Most agree that although these tools have been relatively effective in controlling costs in the past, there are very few additional savings to be had from utilization management of existing healthcare benefits. This leaves managing the benefit itself, controlling what services are actually covered, and transferring greater financial responsibility to the employees as mechanisms for controlling costs. In this environment, the prospect of providing additional benefits has very little appeal. As health policymakers, employee benefits managers, and insurance company managers decide to what extent chiropractic care should or should not be included in any healthcare benefit package, those decision-makers will be examining the net effect of a chiropractic benefit on total premium and medical costs. [4–6] To the extent that the addition of a chiropractic benefit is perceived to add to healthcare costs, there is much less likelihood of adding such a benefit. Similarly, existing chiropractic benefits will come under pressure if it is believed those benefits add costs to the total premium or health plan medical expenses.

In calculating the net cost of a chiropractic benefit, a number of factors must be taken into account. First, the relative unit cost of chiropractic care must be compared with unit cost of medical care. That is, given a comparable patient and severity of condition, what is the cost per episode of chiropractic care versus an episode of medical care? A number of studies have addressed this question but do not arrive at a uniform answer. [7–13, 42, 43] A study by Carey found that the cost per episode of care under chiropractic care was greater than for primary care medical providers but less than for care by orthopedists. [13] Cherkin found the cost of chiropractic care and that by physical therapists to be nearly identical. [42]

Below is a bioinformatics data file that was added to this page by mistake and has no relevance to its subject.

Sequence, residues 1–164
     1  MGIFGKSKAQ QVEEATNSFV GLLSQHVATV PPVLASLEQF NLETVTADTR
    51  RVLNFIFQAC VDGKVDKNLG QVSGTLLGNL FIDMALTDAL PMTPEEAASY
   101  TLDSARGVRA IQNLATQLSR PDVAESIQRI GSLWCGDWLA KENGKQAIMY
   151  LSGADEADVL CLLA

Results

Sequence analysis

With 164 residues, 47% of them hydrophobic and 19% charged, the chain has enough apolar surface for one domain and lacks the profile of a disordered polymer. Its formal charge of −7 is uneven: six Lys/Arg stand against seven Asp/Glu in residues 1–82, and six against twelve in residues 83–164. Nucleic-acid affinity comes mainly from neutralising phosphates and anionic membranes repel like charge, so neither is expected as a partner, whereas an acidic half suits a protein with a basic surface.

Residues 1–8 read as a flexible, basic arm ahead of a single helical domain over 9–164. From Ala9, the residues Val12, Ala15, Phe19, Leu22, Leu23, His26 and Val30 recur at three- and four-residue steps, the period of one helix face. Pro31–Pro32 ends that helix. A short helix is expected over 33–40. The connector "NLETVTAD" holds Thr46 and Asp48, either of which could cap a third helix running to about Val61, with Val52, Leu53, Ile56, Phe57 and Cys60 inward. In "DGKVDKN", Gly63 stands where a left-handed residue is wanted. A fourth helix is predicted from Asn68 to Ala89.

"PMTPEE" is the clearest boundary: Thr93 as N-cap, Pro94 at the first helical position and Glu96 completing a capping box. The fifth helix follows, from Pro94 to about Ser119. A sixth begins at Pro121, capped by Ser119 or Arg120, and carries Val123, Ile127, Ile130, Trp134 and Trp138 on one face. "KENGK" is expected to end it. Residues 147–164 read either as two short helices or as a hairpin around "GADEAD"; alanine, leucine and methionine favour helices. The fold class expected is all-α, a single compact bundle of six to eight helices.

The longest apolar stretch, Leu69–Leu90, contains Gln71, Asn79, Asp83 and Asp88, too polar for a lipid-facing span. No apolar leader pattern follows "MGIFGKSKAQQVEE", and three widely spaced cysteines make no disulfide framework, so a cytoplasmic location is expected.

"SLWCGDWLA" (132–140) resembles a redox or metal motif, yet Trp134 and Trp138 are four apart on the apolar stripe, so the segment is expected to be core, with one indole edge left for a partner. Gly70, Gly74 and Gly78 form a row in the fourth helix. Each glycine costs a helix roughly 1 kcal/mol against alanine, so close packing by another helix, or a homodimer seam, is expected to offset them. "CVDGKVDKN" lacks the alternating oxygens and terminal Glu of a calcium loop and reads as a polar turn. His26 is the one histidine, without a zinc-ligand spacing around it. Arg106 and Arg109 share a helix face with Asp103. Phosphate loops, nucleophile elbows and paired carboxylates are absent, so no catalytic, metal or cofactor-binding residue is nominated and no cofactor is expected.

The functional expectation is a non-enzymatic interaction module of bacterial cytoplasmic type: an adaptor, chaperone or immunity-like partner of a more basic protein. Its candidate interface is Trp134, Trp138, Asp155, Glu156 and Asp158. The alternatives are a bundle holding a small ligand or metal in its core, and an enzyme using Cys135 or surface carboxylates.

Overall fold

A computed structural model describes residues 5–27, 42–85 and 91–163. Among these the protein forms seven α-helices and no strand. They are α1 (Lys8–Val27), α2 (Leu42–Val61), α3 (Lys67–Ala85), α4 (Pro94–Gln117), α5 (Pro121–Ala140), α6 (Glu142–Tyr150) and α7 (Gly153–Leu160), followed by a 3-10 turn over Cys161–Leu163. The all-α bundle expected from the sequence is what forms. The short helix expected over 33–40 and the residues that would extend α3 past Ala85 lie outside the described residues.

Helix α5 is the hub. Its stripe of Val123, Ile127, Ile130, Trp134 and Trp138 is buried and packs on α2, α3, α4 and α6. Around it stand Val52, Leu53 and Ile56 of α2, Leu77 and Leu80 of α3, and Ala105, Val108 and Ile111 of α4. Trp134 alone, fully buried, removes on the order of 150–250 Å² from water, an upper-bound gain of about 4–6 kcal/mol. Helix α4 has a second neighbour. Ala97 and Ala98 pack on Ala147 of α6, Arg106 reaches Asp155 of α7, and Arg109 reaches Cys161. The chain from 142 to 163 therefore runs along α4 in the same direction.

The second factor that will determine the net cost of chiropractic care is the extent to which patients are substituting chiropractic care for medical care versus whether patients are using chiropractic care in addition to medical care. [16, 17] Although chiropractors and physicians undoubtedly treat a similar patient population, their modes of treatment are dissimilar. Because the nature of a chiropractic and medical treatment encounter are different, it might be expected that some patients would use medical care under a certain set of circumstances and chiropractic care under a different set of circumstances.

Finally, to fully measure the economic impact of chiropractic care, it is necessary to evaluate whether chiropractic patient management of back pain, neck pain, and related conditions differs in any way from medical management of these same conditions that affects costs. Specifically, the question arises whether a patient under chiropractic care is more or less likely in the future to seek care for the same or similar health problem than patients treated under medical care. Once again, even if a single episode of care is less costly under chiropractic care, if chiropractors manage patients in a fashion that induces future episodes of care, a chiropractic benefit could increase costs.